- If the guardianship was initially established without the parents' consent, a motion to terminate can be filed only if there has been a change in circumstances. There must be a hearing in such a case.
Under Vermont law, a minor up to the age of 18 may have a court-appointed financial guardian if the minor is the owner of real or personal property. The financial guardian receives only the powers and duties related to the minor’s property. In general, competent parents or a competent surviving parent can be the financial guardian. If there is no competent or suitable parent, the court appoints a guardian.
A financial guardian must make prudent and informed decisions about the use and disposition of funds and property to best suit the child’s needs. The financial guardian must receive prior authorization from the court before spending or selling a child's assets. A guardian's unauthorized use of the child’s assets may lead to criminal prosecution or charges of contempt of court.
A bond is usually required from petitioner in the case of a financial guardianship.
Financial guardians must file an inventory within 30 days of being appointed. They must also file a financial accounting on the Summary of Account form with the court each year.
A financial minor guardianship ends automatically on the child’s 18th birthday and upon the court’s approval of a final financial accounting filed with the court. It may be terminated earlier, but only by court order.
Although you don't need a lawyer to establish a guardianship for a minor, using a lawyer can simplify the process and help you avoid mistakes.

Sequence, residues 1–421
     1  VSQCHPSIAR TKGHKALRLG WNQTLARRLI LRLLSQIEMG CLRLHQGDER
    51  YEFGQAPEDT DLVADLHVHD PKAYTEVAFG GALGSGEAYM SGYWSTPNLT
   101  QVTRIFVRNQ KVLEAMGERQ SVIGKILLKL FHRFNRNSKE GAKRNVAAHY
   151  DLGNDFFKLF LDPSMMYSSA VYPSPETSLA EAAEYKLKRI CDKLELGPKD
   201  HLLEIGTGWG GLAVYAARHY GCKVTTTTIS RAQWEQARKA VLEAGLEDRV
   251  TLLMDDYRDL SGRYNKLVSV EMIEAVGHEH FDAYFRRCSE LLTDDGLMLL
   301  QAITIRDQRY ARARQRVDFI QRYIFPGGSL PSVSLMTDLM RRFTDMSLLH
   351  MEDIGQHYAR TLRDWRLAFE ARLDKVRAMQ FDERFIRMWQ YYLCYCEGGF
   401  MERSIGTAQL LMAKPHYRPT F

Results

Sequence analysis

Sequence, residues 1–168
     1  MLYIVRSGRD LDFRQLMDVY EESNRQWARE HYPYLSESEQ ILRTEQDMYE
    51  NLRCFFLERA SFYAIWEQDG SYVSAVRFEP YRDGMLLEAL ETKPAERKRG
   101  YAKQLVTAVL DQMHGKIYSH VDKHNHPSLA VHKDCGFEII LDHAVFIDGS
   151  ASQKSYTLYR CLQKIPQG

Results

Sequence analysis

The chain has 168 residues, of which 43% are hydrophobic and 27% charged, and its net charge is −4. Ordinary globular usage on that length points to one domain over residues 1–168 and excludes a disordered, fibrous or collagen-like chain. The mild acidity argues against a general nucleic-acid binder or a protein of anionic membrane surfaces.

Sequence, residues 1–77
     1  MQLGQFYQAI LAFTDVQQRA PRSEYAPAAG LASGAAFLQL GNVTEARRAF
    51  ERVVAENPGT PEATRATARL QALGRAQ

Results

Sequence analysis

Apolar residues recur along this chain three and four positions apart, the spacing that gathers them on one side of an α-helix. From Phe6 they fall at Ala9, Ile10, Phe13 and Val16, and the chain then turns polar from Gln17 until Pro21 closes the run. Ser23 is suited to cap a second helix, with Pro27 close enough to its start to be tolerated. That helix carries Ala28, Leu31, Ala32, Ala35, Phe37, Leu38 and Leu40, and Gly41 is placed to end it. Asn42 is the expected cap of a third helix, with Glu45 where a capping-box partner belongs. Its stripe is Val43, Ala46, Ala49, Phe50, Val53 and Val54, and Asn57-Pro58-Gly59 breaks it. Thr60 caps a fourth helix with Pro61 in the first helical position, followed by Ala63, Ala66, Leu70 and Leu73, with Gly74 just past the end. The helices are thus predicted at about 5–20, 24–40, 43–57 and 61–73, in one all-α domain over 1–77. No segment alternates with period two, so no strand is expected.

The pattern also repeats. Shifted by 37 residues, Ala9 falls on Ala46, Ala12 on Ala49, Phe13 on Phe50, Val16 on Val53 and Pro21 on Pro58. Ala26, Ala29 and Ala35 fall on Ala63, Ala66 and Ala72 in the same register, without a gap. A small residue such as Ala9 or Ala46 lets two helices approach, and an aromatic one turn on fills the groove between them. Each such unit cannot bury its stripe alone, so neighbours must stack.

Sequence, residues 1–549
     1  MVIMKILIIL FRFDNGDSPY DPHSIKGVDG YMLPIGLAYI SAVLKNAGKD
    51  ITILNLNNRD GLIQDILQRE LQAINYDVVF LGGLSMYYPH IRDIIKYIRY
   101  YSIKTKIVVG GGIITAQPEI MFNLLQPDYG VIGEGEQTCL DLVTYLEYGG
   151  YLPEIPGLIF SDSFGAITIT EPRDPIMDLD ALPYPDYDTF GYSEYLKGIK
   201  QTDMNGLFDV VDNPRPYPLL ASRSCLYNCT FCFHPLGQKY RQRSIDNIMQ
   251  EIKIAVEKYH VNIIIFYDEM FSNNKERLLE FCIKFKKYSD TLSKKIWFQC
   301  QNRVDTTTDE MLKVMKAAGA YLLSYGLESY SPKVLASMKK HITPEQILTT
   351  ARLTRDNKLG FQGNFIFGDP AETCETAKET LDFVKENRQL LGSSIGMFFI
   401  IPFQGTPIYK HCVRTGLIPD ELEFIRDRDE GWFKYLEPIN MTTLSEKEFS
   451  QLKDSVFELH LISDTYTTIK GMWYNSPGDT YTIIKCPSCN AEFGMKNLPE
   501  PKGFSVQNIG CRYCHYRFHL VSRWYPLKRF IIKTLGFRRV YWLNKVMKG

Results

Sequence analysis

The first step is to file a petition with the probate division. You can download a copy of the Petition for Guardianship of a Minor here.
Forms are also available at the probate division. The petition requests appointment of a guardian for a person referred to as the "respondent."
You must also file the Statement of the Respondent's Assets and Income, the List of Interested Persons for a Guardianship, along with the filing fee.
If the parents agree to the guardianship, you must also file the Parent's Consent, Guardian's Consent, and the Family Plan.
After you file a petition, the court schedules a hearing and sends notice to interested parties. If the minor is 14 years old or older, the minor must attend the court hearing and sign a written consent agreeing to the guardianship. Both parents of the minor must also receive notice of the hearing. If the parents have already filed written consents, the notice goes through first-class mail. If either parent has not filed a written consent, that parent must receive notice of the petition and hearing by certified mail at least two weeks before the hearing. If the identity or address of a parent is unknown, you can file a written request to ask for a waiver of the notice requirement. The court will schedule a new hearing at the request of a parent who did not receive notice of the initial hearing.